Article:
Children Who Kill: Profiles of Pre-Teen and Teenage Killers profiles children from age ten to seventeen who killed, either alone or in tandem with other children. There are also chapters on children who kill their friends, children who kill again as adults, youthful sex killers etc.

What makes a fourteen year old boy abduct a four year old, castrate him and almost decapitate him? What drives an eleven year old girl to strangle a toddler then carve her initials on his flesh?

The media would like us to believe that the answer lies in horror videos and vampire books – but the facts show otherwise. Again and again, the children who killed merely enlarged on the violence that was done to them.

Many of these children were also sexually abused, with one boy even being used in child pornography. And one of the sexually abused girls ended up with a sexually transmitted disease. These children were victims for years and years before they snapped and became the perpetrators, occasionally killing their dysfunctional families but more often killing a stranger who was vulnerable in some way.

Paperback published 2004 and reprinted 2006 (three times), 2007, 2008 by Allison & Busby. ISBN  0-74900-693-5  Priced  £7.99. [Originally published in hardback in 2003 and reprinted 2004 by Allison & Busby, ISBN  0-74900-610-2  Priced  £17.99]

Japanese readers can read a translation published by Bungei Shunju in April 2008 and available from

Children Who Kill Reviews:

It is a rarely acknowledged fact that children are capable of crimes as heinous as those committed by adults. In this deeply disquieting book, the author profiles 13 killers between the ages of 10 and 17. The author begins with the story of Jesse Pomeroy, the Boston boy who, at the age of 12, began by torturing younger children and a couple of years later graduated to homicide. That was in 1873. Later, she writes about Robert Thompson and Jon Venables, the two 10-year-old Liverpool boys who achieved worldwide fame by luring toddler James Bulger from a shopping mall and murdering him. The subjects of this book are boys and girls who, for a variety of reasons, found the dark side of themselves far earlier than most people. The author keeps the editorialising to a minimum, preferring to let the plain facts speak for themselves. It's a good plan: the book is downright chilling.

David Pitt, Booklist, Summer 2003

Like her previous book, Women Who Kill, Carol Anne Davis' latest work, Children Who Kill, examines an understudied and often misrepresented aspect of criminology, one which many adults find difficult to accept.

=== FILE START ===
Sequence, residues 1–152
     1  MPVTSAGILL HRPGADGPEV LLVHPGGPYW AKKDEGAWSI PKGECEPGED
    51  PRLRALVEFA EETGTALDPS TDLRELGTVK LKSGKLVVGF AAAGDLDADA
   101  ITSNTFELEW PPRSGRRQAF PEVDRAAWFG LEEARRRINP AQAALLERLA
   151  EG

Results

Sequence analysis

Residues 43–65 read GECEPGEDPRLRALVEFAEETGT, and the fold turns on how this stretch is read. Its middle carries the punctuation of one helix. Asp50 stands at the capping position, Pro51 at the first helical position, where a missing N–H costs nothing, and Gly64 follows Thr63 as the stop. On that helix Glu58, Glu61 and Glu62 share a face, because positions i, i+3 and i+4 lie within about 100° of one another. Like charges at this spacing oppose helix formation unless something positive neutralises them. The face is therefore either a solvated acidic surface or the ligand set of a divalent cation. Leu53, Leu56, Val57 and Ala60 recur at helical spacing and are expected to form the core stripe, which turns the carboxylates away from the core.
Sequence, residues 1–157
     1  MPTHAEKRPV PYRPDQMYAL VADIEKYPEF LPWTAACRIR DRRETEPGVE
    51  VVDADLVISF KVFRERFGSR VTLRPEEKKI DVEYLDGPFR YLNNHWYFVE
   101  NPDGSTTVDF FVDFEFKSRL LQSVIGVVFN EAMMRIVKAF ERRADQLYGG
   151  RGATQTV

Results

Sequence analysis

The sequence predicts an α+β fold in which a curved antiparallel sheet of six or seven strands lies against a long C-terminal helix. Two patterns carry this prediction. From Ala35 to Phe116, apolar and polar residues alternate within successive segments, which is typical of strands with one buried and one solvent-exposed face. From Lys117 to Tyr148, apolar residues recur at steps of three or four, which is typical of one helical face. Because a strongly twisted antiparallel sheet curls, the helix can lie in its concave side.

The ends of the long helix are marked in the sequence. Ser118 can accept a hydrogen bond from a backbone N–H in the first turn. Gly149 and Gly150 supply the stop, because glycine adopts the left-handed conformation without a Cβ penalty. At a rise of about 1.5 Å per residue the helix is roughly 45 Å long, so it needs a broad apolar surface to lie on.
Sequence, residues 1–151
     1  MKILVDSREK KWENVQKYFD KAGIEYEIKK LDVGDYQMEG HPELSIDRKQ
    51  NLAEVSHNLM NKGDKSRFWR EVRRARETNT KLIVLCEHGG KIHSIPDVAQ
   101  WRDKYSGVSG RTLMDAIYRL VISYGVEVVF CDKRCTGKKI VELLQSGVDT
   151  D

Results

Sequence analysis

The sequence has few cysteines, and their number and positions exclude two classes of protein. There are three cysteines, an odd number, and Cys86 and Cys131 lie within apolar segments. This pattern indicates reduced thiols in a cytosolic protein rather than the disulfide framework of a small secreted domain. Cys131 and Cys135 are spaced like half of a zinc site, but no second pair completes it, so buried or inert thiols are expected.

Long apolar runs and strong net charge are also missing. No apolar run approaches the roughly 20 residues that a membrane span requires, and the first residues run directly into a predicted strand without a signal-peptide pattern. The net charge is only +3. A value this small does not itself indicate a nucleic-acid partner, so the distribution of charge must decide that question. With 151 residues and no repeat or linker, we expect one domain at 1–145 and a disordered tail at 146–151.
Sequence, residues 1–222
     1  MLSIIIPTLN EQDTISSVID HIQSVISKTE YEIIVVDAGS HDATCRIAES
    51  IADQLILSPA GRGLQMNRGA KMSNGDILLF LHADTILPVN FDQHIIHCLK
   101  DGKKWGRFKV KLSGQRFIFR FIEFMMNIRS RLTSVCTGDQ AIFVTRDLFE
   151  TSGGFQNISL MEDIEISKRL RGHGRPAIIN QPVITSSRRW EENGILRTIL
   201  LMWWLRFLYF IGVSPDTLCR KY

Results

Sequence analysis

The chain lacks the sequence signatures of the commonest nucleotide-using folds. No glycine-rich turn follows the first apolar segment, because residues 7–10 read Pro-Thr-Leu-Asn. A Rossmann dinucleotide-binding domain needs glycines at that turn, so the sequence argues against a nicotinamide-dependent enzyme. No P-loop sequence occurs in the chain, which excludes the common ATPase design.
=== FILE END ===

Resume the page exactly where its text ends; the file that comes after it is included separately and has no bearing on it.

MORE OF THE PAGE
As Davis makes uncomfortably clear, such cases are not isolated (although, fortunately, they are relatively rare) and neither are they confined to the contemporary world. She highlights, for instance, a case from 1861 that is chillingly similar to that of James Bulgar. However most examples detailed here are from the 1960s onwards and include both the notorious, such as Mary Bell, and Robert Thompson and Jon Venables, and the lesser known.

This is no mere catalogue of crime aimed at the prurient. Anyone looking for gruesome detail will be disappointed. Throughout her examination Davis is more interested in the 'why?' rather than the 'how?'. The answer becomes depressingly familiar: children who kill tend to copy dysfunctional behaviour culled from violent and abusive domestic situations. This is the central tenet of Davis' thesis, examining the general causes, cultural reactions to the phenomenon and how it can be addressed.

Her argument will doubtless appear too liberal to some readers, and there is a tendancy towards repetition and didacticism. Nevertheless, this is an important work - one which is growing in significance, and it attempts to address a difficult subject in an approachable manner.

Paul M. Chapman, Sherlock Magazine, Spring 2003

Children Who Kill is the second true crime book by this author and looks at pre-teen and teenage killers in both the United States and England. It also looks deeply at a number of well known and lesser known cases. This is a well written and well thought out book. The reader is left in no doubt about the seriousness of the cases and the way in which their childhood has contributed to their behaviour.

This is certainly a fascinating book and Carol Anne Davis has shown in no uncertain terms that while society might think that young children are incapable of violence, this is not the case. Like adults they are just as capable of terrible and monstrous behaviour to the extent that they are willing to kill and are also masters of manipulation. Like most true crime books this is a well researched book which has lifted the lid off children who kill.

Children Who Kill is a welcome addition to the annals of true crime and a must for any well-stocked library.

Ayo Onatade, Mystery Women, June 2003